If it tends to get a little out of hand, it's easy to just yank out handfuls of it to keep it under control.
Very fast growing plant, sun or shade. Beautiful in hanging pots.
I use it to soften the edges of my flower gardens from the walkways between them & problem spots, where I can't grow grass---such as under my citrus trees!


On Mar 25, 2013, humbledoc from Houston, TX wrote:

About a dozen years ago I was given a container with several plants by someone moving to NH. Only one item survives. I was told it was Bavarian Jew. Kool. My father was Bavarian, and my maternal grandfather was Jewish. But now I know it's Bolivian Jew. Thanks. I have moved twice since then and just a few sprigs were all that was needed to continue having this plant, in hanging planters and as a ground cover. Neat!


On Apr 23, 2011, Naturalmum from Ipswich,
Australia wrote:

Hi all
I have this little fellow. Yes it looks great in a pot and around the base of a tree or shrub, but just be VERY firm with it. It withstands drought, flood and smothering. When it is removed it takes whatever it is growing on, be it pebbles, mulch, manure, anything, and leaves bare earth. It smothers anything low growing. I recently reclaimed a garden and found orchids, bromeliads and irises growing(poorly) under it. And yes, the tiniest bit will grow! Also it can irritate dogs skin.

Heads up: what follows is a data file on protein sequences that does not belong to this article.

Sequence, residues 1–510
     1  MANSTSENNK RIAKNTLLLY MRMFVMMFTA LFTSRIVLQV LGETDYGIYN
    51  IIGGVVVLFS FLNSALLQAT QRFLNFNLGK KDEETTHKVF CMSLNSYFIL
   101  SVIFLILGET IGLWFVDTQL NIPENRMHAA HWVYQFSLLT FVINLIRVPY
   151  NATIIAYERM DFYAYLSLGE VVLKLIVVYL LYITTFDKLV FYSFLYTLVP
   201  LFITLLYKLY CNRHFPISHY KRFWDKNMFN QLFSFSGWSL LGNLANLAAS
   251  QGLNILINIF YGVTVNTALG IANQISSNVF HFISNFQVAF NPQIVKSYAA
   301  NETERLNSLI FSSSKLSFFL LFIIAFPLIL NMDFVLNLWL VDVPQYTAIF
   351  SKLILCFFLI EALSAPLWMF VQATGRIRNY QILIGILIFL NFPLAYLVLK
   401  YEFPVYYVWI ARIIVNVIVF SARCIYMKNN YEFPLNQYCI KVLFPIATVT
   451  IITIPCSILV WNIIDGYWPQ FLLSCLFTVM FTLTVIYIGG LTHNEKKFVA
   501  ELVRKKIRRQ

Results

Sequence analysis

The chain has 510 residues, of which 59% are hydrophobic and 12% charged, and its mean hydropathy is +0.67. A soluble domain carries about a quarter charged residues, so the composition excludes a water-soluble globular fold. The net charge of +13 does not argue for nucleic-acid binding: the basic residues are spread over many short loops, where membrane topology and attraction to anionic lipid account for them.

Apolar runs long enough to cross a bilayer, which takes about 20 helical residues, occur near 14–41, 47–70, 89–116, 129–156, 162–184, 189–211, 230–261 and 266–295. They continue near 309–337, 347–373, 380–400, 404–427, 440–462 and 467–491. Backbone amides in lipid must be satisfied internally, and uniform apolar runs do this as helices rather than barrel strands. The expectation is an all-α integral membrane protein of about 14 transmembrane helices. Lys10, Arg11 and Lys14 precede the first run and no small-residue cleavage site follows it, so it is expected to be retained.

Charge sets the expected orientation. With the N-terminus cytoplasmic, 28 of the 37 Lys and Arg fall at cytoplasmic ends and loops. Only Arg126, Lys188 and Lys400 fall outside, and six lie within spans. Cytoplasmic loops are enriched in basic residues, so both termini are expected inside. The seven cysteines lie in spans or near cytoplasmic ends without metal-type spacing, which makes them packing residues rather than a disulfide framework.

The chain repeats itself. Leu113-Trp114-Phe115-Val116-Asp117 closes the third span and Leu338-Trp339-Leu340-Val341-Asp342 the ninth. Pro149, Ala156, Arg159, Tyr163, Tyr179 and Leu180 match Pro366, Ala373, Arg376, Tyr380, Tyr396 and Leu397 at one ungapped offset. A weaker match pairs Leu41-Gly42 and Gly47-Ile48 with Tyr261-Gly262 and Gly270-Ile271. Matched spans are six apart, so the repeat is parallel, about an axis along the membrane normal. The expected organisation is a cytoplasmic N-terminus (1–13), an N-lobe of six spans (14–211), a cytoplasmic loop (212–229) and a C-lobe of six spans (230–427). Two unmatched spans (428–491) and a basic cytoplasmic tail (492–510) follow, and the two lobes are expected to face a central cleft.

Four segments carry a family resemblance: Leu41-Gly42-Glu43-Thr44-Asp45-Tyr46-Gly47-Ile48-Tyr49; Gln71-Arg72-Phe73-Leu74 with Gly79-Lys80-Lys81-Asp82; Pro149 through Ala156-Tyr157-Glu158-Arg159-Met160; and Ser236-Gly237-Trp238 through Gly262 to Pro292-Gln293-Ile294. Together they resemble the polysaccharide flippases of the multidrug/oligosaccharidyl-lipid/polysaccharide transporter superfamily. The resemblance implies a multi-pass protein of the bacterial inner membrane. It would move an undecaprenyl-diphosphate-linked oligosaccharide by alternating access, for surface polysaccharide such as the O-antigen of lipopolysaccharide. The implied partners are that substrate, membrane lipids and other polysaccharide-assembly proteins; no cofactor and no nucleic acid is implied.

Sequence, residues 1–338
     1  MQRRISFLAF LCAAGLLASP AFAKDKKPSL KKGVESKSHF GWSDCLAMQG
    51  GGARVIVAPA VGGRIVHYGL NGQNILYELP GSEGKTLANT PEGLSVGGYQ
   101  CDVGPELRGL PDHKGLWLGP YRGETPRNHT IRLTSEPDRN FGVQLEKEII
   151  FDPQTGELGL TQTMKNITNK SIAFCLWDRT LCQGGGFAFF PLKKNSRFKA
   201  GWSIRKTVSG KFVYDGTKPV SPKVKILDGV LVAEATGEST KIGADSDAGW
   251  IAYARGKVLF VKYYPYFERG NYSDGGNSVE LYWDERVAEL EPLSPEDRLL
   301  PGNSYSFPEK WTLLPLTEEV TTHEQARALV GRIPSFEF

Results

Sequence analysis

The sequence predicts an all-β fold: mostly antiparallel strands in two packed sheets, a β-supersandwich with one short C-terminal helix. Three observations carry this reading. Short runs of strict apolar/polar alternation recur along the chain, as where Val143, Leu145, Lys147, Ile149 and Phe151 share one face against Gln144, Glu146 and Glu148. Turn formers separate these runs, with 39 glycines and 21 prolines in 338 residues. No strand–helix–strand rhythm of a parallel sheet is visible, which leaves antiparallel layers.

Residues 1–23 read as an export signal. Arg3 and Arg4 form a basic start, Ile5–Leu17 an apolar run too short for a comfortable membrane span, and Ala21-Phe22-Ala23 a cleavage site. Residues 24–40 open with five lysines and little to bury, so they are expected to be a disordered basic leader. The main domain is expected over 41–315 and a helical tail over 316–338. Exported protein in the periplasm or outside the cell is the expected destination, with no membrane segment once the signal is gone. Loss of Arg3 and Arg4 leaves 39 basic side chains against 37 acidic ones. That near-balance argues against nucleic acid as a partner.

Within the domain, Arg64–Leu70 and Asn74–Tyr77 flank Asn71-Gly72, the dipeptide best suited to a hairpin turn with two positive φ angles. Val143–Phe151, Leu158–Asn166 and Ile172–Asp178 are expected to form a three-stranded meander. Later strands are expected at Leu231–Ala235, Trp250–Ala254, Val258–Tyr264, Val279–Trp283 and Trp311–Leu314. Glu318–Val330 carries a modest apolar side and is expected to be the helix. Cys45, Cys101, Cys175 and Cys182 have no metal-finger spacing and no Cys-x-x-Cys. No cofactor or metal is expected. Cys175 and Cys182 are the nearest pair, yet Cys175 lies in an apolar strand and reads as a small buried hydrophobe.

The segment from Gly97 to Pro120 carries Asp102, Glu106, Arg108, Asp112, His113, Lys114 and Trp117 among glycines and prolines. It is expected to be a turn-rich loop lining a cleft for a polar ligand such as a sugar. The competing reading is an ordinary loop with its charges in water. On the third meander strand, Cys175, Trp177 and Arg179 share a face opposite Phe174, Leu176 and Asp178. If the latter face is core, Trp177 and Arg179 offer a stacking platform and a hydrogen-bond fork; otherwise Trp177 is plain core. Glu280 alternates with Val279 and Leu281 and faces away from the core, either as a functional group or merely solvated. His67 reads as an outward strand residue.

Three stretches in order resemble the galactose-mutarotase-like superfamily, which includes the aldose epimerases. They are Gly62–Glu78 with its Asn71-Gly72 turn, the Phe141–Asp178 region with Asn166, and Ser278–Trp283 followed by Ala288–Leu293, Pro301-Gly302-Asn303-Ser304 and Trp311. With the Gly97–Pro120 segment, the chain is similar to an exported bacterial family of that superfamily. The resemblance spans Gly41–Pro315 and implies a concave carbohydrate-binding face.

It is a case of grower beware!


On Nov 14, 2010, Kalpavriksha from Sarasota, FL wrote:

This pernicious weed jumped into my champaca tree bed (which also has subtropical flowering shrubs and flowering annuals) . Once you have this you'll never get rid of it. While I've not noticed flowers this must return from seed each year. The slightest piece will take root.
The plant is interesting with the compact growth and purplish leaf back color but has become invasive like a dandelion up north.
If you have the choice to grow this in Florida, don't!


On Oct 30, 2010, tvksi from Paris, TX (Zone 7b) wrote:

Traded busy-gardener for the B Jew to replace some lost years ago. love the little booger. Its versitility is amazing, as noted by above members. She sent me a generous pkg and it is growing hand over fist in several containers. I usually allow wild Oxalis or Creeping Charlie to grow in the big potted pants as a live mulch but will be adding this to some of them.